Image result for black moses alain

The shortlist will be coming out soon, so we’ll see if the book makes it to the next stage.

Let’s Talk: Book Buying, Book Tastes, and Academia

I don’t think I buy too many books, but I do feel that I have too many books in my apartment.

When I began blogging a few years ago, I rarely bought books. I preferred borrowing from public and research libraries. Unsurprisingly, book blogs and booktube inspired me to buy more books. To limit my buying habits, I purchased a Kindle. Since I prefer reading Classics, I thought buying a Kindle would save me a lot of money. It did. However, I soon discovered Half Price Books (the second-hand bookstore in my region where all books are half off the original price), and my purchasing increased exponentially. I realized that I prefer to own physical books. I really don’t care what condition they are in, but I want to have my own personal library of books that I have read and enjoyed.

My TBR is larger than I would like. Although I want to keep a personal library, I don’t want to have too many unread books. I worry that owning too many unread books means that I am just a pretentious reader, keeping books that I have never read to feign my erudition. However, I do read a lot. I prefer to read works that are rich in philosophy and intertextuality. I actually enjoy reading the kinds of books that make one sound like a snob.

I blame this on Academia. It’s really hard to avoid reading obscure, difficult books while in a humanities graduate program. Academia teaches us to have very niche interests and to set ourselves apart from the general reading public. I am currently writing a term paper on the influence of materialistic determinism on Diderot’s Le Fils Naturel. All of our paper topics are as complicated and niche as this one. So inevitably (pun intended), the books I read are not the kinds of books the general public reads.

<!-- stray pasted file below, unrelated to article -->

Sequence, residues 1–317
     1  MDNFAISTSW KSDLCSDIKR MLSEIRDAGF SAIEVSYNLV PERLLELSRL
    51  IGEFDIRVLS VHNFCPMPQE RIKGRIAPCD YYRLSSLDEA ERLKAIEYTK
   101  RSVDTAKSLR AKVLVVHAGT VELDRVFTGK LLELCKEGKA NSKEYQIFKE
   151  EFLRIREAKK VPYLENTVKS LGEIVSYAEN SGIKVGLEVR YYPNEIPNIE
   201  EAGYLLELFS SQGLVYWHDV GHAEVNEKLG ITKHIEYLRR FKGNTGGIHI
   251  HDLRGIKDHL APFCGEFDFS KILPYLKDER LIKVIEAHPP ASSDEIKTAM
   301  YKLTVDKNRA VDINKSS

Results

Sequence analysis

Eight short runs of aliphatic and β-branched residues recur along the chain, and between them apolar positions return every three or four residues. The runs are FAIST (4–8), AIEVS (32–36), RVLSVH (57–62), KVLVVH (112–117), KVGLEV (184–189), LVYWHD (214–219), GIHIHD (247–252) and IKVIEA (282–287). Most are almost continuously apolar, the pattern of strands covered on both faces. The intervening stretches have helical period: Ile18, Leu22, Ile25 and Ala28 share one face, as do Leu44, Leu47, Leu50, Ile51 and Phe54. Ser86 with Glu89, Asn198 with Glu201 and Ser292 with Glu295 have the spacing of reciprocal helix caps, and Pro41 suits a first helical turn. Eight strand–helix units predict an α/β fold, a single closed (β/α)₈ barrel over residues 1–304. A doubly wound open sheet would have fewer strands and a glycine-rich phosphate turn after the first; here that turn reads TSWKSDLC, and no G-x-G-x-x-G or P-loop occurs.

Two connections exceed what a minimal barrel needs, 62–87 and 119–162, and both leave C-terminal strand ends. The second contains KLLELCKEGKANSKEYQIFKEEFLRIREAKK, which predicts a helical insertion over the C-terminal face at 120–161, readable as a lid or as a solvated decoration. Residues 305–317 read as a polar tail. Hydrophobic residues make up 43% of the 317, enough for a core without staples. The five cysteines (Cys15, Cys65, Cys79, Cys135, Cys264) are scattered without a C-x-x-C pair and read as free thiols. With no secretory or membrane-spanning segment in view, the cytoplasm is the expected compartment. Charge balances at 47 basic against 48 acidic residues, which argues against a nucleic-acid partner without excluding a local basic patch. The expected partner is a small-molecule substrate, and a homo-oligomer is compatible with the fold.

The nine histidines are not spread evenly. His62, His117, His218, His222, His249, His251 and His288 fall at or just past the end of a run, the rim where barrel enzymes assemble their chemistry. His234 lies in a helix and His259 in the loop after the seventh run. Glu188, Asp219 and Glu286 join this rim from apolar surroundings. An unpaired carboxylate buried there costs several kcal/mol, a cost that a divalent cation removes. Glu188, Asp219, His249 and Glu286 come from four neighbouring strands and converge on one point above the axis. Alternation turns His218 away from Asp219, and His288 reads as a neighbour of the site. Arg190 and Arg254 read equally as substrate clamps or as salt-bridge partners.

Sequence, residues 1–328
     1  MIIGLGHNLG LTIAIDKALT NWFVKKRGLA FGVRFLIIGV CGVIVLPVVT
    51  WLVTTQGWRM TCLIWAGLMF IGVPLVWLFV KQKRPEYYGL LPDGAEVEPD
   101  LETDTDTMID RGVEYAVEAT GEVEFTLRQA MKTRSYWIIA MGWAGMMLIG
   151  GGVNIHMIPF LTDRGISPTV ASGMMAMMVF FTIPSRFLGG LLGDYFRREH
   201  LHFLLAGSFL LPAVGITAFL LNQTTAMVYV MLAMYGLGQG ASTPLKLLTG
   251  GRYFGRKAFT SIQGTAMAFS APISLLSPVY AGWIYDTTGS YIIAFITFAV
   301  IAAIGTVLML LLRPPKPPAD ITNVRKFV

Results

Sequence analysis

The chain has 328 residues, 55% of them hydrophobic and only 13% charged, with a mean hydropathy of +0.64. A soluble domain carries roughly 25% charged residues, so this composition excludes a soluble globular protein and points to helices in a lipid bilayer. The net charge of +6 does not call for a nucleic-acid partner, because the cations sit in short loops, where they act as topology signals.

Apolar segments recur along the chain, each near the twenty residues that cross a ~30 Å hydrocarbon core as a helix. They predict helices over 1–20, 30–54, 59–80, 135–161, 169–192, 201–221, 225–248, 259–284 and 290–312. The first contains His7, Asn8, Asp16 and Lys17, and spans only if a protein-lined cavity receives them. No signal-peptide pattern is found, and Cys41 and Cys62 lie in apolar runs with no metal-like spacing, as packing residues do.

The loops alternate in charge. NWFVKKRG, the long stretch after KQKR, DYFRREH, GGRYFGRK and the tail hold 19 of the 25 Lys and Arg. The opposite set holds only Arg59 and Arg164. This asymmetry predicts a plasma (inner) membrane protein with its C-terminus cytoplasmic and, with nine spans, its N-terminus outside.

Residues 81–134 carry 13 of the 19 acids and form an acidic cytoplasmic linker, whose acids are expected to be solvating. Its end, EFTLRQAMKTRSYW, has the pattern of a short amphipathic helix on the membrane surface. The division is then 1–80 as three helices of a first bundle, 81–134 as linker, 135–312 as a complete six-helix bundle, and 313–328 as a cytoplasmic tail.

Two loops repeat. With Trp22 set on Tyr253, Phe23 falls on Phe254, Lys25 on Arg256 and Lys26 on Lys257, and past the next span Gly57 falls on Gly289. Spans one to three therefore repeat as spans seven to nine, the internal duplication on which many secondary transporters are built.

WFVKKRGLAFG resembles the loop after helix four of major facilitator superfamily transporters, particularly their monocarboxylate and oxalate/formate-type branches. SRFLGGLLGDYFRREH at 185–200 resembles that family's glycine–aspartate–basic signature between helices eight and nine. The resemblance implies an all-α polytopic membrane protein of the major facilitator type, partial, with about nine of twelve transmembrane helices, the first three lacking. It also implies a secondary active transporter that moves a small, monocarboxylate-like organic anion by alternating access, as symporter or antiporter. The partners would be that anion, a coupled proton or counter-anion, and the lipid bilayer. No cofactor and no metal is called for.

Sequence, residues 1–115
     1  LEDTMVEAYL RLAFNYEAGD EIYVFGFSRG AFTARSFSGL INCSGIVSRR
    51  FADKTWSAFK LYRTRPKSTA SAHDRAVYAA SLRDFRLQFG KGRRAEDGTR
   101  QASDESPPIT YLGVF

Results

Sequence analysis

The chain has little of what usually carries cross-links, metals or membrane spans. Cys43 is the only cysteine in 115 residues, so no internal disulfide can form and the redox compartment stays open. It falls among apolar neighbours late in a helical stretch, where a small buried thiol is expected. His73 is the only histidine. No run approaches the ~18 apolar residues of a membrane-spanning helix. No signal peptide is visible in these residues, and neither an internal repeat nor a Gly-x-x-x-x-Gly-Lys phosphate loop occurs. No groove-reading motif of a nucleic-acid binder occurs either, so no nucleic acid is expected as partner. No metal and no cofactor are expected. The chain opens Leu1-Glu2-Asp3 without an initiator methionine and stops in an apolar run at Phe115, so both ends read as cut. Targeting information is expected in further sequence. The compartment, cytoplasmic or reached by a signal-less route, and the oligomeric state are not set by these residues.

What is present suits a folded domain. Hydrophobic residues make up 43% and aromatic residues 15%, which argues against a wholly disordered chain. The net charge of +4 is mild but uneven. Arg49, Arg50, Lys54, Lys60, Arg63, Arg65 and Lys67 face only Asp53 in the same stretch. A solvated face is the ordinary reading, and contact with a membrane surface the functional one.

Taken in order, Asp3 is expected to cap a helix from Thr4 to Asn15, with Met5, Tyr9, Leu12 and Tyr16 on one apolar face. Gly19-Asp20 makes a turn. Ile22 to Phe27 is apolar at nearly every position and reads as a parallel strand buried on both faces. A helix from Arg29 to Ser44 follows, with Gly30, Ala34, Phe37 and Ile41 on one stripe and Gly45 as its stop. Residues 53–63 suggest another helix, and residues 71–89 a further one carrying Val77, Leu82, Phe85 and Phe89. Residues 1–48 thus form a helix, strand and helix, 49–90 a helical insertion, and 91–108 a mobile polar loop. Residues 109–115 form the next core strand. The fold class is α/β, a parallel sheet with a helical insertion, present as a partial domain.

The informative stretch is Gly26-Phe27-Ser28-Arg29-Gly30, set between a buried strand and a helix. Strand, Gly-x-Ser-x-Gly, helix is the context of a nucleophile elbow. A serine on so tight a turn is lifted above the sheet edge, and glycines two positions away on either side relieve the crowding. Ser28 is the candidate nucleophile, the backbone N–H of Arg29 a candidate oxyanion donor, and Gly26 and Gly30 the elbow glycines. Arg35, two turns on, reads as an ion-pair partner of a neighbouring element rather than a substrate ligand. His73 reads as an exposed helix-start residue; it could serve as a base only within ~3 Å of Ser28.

This only heightens the anxiety I have over my TBR. I feel a greater pressure to read the books that I’ve purchased because if I don’t, I come across as pretentious. I have a lot of difficulty determining which books I should review on this blog and which books I should read without reviewing. Will anyone care that I read this study on Diderot? Maybe I should review Seneca’s Letters from a Stoic, but how many viewers care enough about Biblical scholarship to read the Art of Biblical Narrative (a fantastic book by the way)?

I have not found a perfect solution to my dilemma, but I have decided to do something to minimize my discomfort. I have decided to limit my book buying and read more of the books on my TBR even if they are inappropriate for this blog. Today, I am giving away a stack of “read” books to the local public library. I don’t want to keep books I know I won’t revisit even if I enjoyed reading them the first time. Finally, I have decided to review less and make more frequent “reading update” posts.

What have you done to address your TBR problems (if you have any)?